Western Washington To Lose Last Friar, Franciscan Mission
Longview Daily News
TOLEDO, Lewis County - A community of Franciscan priests, based here at the state's oldest Roman Catholic church, once ministered to the faithful throughout Southwest Washington.
But friars are few these days. The last of the Franciscans will leave St. Francis Xavier Mission June 29, ending an era that lasted 88 years.
"We are saying, `We can no longer staff this parish,' " said the Rev. Paul Botenhagen, who has been priest at St. Francis and at Sacred Heart Church in Winlock since 1991.
Because of a shortage of priests, the Franciscans also are relinquishing one of their parishes in Spokane and another in Tigard, Ore., leaving the religious order with just two parishes in the Pacific Northwest, in Portland and Spokane.
The Franciscan community at the mission three miles north of Toledo once thrived. The Franciscans built or restored parishes from Morton to Woodland. And the Franciscan Sisters operated St. Mary's Academy, a boarding school for girls near Toledo, between 1911 and 1973.
But the mission has become an isolated post over the past decade for friars such as Botenhagen, who lives alone in the rectory behind the church. He will move at the end of the month to Berkeley, Calif., and live in a house with other members of the Order of Friar Minors.
"It's important we are connected so we can share with one another and be challenged," he said.
St. Francis mission will have a farewell-to-the-Franciscans party at the end of the month. Toledo resident Joe Kaiser, who has belonged to the mission for 81 of his 85 years, said he'll be sorry to see the Franciscans go.
"I was acquainted with quite a few, and I can't say anything but a good word for them," Kaiser said.
The Franciscans, a fraternity of priests who follow certain rules and traditions based on the teachings of St. Francis of Assisi, who founded the order in 1209, wear brown robes and sandals in the style of 13th-century Italian peasants and take vows of poverty. Their tradition is one of service to the world, rather than a monastic life.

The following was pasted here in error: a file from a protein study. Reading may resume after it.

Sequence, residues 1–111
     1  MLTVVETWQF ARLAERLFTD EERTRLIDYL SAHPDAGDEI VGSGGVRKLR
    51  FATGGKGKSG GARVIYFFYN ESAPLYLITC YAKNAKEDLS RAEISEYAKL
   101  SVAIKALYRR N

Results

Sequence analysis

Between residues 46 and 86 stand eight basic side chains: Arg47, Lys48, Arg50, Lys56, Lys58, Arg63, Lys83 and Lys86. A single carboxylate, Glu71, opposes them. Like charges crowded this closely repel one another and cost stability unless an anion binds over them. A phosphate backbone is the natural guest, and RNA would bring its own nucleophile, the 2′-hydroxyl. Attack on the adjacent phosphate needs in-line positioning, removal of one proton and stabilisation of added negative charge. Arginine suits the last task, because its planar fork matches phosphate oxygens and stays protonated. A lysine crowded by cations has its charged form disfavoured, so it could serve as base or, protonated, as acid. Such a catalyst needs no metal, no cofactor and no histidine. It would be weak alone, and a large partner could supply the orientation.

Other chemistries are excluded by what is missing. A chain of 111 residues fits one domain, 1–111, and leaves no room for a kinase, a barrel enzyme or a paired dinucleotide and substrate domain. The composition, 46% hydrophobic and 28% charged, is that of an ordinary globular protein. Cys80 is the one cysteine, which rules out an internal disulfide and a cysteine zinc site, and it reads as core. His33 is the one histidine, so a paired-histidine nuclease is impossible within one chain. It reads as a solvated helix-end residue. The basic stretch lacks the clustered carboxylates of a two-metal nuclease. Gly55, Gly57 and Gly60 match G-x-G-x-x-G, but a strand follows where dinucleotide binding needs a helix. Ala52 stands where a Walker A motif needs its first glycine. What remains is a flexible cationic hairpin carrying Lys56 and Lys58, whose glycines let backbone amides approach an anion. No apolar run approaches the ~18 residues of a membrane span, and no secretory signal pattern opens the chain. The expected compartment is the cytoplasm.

St. Francis Xavier Mission already was well-established when it was turned over to the Franciscans in 1908. Father Francis Norbert Blanchet, a Jesuit, laid the groundwork for the mission when he made a canoe trip from Montreal, Canada, to the Cowlitz Prairie in 1838 to celebrate Mass for French-Canadian pioneers.
For the first half of this century, the mission had a recurring problem - the church burned down regularly. A fire in 1901 claimed the life of Father Van Holdebeke. The church also burned down in 1916 and '32.
Kaiser, a dairyman who delivered milk to the church on the day of the 1932 fire, recalled that firefighters dynamited the rear of the church to save the rectory.
In Botenhagen's place will come the Rev. Timothy Berg, a diocesan priest who will keep his current job as director of pastoral care at Providence Hospital in Centralia.
"My Sundays are going to be very busy," Berg said. "But I think it's going to work out where people won't notice a big difference."
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